\item If $\abs{D} = 10\sqrt{n}$, we can \emph{downsample}. That is, we can first obtain a random subset $S\subseteq[n]$ by including independently each coordinate $i\in[n]$ with probability $1/\sqrt{n}$ (so that $\abs{S}\approx \sqrt{n}$), and then focus on the substream involving indices $i\in S$. (Note that this allows to reduce to the previous case, since $\expect{\abs{D\cap S}} = 10$, and with high probability we should actually have $\abs{D\cap S}\approx 10$.)
\end{itemize}
The actual algorithm will in some sense \emph{interpolate} between these cases, by considering all possibles ``orders of magnitude'' for $\abs{D}$ (and focusing on the one that works.)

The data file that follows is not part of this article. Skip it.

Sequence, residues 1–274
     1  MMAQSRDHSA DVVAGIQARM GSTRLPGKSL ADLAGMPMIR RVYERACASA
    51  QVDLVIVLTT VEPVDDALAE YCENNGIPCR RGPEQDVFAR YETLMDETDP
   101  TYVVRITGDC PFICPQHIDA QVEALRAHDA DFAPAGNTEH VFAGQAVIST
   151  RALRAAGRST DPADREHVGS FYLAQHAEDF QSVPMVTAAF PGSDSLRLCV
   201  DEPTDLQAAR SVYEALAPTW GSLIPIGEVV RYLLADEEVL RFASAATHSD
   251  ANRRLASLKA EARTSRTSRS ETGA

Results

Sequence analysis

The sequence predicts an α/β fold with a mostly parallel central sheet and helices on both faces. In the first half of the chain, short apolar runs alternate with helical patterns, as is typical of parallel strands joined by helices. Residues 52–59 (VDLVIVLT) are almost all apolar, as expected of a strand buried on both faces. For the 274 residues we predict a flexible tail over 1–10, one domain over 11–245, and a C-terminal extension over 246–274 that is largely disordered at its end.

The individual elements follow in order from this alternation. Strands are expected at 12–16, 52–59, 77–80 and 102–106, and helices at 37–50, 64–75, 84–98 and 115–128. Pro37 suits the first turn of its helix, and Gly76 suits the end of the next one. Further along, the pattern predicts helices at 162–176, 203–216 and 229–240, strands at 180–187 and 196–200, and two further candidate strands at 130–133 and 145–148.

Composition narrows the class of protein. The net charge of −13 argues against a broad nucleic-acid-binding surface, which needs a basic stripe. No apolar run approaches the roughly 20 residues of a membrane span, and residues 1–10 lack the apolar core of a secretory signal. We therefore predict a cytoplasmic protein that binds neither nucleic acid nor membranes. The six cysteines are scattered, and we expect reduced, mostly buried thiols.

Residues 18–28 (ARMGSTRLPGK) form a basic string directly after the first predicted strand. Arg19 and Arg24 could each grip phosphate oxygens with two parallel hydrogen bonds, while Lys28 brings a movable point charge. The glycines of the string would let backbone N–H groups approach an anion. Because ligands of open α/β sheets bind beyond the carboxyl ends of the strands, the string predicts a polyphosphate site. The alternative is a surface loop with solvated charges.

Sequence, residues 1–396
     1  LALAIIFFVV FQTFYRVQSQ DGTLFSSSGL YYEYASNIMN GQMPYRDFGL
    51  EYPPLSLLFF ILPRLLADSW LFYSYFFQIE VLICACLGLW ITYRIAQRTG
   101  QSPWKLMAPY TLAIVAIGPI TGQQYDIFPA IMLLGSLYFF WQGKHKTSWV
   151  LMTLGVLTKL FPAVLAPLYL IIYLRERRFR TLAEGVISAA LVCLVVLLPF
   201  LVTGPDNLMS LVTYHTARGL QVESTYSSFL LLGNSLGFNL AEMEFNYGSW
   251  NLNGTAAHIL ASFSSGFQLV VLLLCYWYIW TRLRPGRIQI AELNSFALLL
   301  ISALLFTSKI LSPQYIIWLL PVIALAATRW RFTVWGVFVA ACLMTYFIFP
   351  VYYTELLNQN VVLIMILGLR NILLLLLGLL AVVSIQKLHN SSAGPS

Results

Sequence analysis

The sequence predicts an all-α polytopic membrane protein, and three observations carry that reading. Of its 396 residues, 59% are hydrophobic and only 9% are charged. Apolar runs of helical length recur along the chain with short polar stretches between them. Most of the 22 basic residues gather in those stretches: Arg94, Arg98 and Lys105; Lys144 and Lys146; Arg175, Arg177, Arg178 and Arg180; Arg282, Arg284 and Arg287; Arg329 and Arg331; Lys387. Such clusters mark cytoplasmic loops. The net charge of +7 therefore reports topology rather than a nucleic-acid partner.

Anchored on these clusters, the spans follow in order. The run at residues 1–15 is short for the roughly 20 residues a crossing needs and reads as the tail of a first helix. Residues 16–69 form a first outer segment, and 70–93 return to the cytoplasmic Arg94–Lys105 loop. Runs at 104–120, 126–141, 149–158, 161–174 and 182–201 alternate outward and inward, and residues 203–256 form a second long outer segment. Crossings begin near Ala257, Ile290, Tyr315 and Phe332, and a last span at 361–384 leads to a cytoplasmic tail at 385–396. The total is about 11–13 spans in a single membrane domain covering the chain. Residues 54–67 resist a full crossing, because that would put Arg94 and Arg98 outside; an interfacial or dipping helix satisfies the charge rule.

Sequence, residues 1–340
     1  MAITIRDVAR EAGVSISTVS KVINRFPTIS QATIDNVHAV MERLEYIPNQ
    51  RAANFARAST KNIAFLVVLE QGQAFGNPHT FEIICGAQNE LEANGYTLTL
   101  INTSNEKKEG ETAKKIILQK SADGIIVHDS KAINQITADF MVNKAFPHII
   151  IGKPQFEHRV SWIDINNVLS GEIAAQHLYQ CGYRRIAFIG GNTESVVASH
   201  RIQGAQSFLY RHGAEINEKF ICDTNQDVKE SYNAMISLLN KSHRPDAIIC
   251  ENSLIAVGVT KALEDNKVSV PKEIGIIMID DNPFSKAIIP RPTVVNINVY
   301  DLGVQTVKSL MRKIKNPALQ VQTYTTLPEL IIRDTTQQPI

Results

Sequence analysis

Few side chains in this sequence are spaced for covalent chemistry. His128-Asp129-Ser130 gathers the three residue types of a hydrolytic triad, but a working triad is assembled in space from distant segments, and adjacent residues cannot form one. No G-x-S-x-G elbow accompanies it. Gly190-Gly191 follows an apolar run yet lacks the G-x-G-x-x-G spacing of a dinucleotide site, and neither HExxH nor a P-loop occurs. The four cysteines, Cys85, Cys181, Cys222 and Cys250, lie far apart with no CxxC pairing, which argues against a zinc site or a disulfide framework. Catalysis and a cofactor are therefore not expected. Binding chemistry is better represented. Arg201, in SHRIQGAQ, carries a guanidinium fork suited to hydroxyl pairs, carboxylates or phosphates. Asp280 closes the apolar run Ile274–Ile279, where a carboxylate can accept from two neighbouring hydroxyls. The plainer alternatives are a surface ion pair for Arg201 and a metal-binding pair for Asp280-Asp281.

\subsubsection{Basic Sketch} We start by choosing a hash function $g\colon[n]\to\{0,\dots,n-1\}\equiv\{0,1\}^L$ (where $L\eqdef\log n$), and let $h\colon[n]\to[L]$ be the function defined by
\[
h(i) \eqdef \max\setOfSuchThat{k\in\{0,\dots,L\}}{ \exists x\in\{0,1\}^\ast,\ g(i) = x0^k }, \qquad i\in [n].
\]
(That is, $h(i)$ is the number of tail zeros in the binary expansion of $g(i)$: if $g(i) = 01000100$, then $h(i)=2$). This implies that, over the randomness of the hash function $g$, for any $i\in[n]$
\[
\probaOf{h(i) = j} = \begin{cases}
\frac{1}{2^{j+1}} & \text{ for } 0\leq j\leq L-1 \\
\frac{1}{2^{L}} & \text{ for } j=L
\end{cases}
\]
where the first expression comes from the fact that $h(i) = j$ iff the last $j$ bits are $0$ \emph{and} the bit just before is $1$ (which happens with probability $2^{-j}\cdot \frac{1}{2}$In particular, $\sum_{j=0}^L \probaOf{h(i) = j} = 1$, as it should for a probability distribution.